Header

UZH-Logo

Maintenance Infos

Lichenoid drug eruption following intravenous application of orally formulated diamorphine, a semisynthetic heroin


Kolm, Isabel; Eggmann, N; Kamarashev, J; Kerl, K; French, L E; Hofbauer, G F L (2013). Lichenoid drug eruption following intravenous application of orally formulated diamorphine, a semisynthetic heroin. Case Reports in Dermatology, 5(2):176-180.

Abstract

BACKGROUND: Lichen planus is a common skin disorder of unknown etiology. Most cases are idiopathic, but substances such as gold, antimalarials, penicillamine, thiazide diuretics, β-blockers, arsenic and nonsteroidal anti-inflammatory drugs have been implicated as trigger factors.
CASE PRESENTATION: We report the case of a lichenoid eruption in a male drug addict who administered oral heroin (diamorphine) intravenously. Diamorphine was stopped immediately. Following topical steroids, phototherapy and oral acitretin, the lesions gradually disappeared. A lymphocyte transformation test was negative for pure morphine and codeine.
DISCUSSION: A coincidental association between the intravenous application of orally formulated semisynthetic heroin and the lichenoid eruption cannot be completely ruled out. However, the diagnosis of a lichenoid drug eruption is favoured over idiopathic lichen planus because of the clear chronological correlation between drug use and appearance as well as drug withdrawal and disappearance of the skin lesions, and because of a flare-up following repeated intravenous application of diamorphine.

Abstract

BACKGROUND: Lichen planus is a common skin disorder of unknown etiology. Most cases are idiopathic, but substances such as gold, antimalarials, penicillamine, thiazide diuretics, β-blockers, arsenic and nonsteroidal anti-inflammatory drugs have been implicated as trigger factors.
CASE PRESENTATION: We report the case of a lichenoid eruption in a male drug addict who administered oral heroin (diamorphine) intravenously. Diamorphine was stopped immediately. Following topical steroids, phototherapy and oral acitretin, the lesions gradually disappeared. A lymphocyte transformation test was negative for pure morphine and codeine.
DISCUSSION: A coincidental association between the intravenous application of orally formulated semisynthetic heroin and the lichenoid eruption cannot be completely ruled out. However, the diagnosis of a lichenoid drug eruption is favoured over idiopathic lichen planus because of the clear chronological correlation between drug use and appearance as well as drug withdrawal and disappearance of the skin lesions, and because of a flare-up following repeated intravenous application of diamorphine.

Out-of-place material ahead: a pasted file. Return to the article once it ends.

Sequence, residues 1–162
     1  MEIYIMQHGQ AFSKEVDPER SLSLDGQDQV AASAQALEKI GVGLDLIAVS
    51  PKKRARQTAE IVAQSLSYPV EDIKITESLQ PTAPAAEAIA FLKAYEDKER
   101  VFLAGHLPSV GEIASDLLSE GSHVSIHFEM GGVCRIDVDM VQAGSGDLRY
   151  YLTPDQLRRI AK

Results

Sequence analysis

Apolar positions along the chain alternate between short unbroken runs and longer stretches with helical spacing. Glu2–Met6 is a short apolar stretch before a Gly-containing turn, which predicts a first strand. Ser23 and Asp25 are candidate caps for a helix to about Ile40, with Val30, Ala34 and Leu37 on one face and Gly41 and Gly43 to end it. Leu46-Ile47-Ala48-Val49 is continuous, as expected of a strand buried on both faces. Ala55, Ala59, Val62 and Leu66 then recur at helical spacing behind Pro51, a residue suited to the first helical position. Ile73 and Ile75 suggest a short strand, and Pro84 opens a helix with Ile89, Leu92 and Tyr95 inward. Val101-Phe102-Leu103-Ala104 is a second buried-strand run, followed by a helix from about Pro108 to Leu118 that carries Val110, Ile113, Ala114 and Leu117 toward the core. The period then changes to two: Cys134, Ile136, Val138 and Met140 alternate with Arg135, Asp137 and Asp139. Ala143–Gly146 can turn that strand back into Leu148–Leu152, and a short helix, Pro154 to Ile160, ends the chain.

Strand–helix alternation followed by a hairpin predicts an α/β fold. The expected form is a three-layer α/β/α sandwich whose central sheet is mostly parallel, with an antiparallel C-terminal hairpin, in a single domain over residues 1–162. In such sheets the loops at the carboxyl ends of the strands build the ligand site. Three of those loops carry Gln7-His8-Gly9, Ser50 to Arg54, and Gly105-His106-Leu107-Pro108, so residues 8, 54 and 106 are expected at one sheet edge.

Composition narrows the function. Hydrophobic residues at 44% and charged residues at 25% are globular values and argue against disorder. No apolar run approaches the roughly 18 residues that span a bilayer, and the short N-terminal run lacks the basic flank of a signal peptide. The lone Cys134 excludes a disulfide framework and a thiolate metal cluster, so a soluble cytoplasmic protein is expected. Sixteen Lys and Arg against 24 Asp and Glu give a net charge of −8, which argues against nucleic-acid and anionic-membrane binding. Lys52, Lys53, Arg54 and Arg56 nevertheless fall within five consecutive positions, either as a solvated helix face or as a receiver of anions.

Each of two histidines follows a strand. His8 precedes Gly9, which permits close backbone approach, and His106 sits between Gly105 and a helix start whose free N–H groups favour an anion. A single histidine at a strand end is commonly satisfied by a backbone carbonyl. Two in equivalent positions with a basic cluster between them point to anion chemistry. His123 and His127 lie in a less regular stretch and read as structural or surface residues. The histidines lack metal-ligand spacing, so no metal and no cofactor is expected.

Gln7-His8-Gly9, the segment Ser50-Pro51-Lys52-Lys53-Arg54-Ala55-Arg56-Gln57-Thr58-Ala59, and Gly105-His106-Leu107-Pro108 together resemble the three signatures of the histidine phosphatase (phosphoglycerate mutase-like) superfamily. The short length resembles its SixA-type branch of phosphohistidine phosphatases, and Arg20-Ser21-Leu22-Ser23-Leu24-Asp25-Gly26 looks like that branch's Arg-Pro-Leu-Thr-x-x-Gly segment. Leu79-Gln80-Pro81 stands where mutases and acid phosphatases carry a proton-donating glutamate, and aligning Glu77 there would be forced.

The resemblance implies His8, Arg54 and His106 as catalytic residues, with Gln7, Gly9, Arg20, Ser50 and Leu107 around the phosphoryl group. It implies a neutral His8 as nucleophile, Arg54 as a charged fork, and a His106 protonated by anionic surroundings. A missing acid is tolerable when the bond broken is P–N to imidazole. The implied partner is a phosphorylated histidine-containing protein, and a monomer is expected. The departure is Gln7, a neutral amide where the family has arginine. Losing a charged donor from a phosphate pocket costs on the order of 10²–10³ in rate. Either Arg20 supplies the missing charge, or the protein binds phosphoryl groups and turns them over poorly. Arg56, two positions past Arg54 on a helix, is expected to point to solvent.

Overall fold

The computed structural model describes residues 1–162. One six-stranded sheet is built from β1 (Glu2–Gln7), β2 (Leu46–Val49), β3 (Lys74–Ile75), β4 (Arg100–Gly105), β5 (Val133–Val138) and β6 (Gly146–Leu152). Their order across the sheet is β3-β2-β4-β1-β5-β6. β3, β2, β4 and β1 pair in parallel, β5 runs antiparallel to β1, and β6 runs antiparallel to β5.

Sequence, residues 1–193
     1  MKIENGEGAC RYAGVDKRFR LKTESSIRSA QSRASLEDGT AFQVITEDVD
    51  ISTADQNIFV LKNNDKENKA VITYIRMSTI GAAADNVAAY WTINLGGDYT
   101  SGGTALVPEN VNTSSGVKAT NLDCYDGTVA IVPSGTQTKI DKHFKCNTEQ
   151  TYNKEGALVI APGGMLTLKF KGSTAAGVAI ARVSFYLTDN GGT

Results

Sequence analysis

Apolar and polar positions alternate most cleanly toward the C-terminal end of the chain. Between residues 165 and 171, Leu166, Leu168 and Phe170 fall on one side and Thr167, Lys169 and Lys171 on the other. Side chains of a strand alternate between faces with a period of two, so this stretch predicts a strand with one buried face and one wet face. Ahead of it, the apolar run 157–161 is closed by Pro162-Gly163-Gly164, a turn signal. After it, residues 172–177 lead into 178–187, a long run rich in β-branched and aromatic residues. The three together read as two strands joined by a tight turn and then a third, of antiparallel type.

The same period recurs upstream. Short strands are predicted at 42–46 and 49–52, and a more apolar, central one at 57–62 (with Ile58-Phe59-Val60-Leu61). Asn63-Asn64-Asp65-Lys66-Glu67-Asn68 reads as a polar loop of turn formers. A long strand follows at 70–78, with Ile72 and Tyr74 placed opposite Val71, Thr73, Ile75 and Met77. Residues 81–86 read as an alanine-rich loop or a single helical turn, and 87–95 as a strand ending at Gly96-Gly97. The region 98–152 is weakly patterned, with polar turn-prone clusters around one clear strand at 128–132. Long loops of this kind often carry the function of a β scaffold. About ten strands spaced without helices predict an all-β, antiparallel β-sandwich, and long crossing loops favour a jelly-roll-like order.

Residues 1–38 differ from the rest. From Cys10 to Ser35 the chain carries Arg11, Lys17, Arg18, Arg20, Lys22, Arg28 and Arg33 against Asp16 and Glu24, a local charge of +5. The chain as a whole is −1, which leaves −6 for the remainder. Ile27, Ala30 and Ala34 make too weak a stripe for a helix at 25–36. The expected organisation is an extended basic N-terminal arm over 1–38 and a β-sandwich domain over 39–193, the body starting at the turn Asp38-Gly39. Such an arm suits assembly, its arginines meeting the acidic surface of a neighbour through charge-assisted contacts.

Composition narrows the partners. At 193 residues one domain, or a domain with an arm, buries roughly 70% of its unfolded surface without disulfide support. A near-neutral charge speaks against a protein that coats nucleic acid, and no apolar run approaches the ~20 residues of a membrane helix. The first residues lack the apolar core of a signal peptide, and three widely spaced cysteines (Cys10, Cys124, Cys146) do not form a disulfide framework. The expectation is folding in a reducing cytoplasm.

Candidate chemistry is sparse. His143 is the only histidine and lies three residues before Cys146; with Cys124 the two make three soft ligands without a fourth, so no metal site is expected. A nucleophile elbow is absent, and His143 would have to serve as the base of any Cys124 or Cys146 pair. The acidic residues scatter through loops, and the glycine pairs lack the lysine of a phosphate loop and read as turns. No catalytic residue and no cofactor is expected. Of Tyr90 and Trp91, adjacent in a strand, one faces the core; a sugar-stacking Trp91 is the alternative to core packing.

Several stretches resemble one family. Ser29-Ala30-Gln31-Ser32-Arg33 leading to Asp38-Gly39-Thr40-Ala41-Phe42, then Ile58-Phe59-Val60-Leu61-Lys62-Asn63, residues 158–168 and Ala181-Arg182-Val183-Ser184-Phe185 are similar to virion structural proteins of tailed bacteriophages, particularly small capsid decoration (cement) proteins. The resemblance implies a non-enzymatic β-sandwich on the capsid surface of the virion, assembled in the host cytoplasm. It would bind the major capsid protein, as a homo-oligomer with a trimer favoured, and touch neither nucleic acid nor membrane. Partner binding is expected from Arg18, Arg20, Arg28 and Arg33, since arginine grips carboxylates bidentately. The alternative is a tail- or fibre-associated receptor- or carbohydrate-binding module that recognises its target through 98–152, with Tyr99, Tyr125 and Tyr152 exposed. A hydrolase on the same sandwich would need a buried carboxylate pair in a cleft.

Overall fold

Statistics

Citations

Altmetrics

Downloads

43 downloads since deposited on 07 Jan 2014
10 downloads since 12 months
Detailed statistics

Additional indexing

Item Type:Journal Article, refereed, further contribution
Communities & Collections:04 Faculty of Medicine > University Hospital Zurich > Dermatology Clinic
Dewey Decimal Classification:610 Medicine & health
Uncontrolled Keywords:Drug eruption, Diamorphine, Synthetic heroin, Lichen planus
Language:English
Date:2013
Deposited On:07 Jan 2014 15:59
Last Modified:25 Aug 2017 15:27
Publisher:Karger
ISSN:1662-6567
Free access at:PubMed ID. An embargo period may apply.
Publisher DOI:https://doi.org/10.1159/000353305
PubMed ID:23874294

Download

Download PDF  'Lichenoid drug eruption following intravenous application of orally formulated diamorphine, a semisynthetic heroin'.
Preview
Content: Published Version
Language: English
Filetype: PDF
Size: 1MB
View at publisher
Licence: Creative Commons: Attribution-NonCommercial-NoDerivs 3.0 Unported (CC BY-NC-ND 3.0)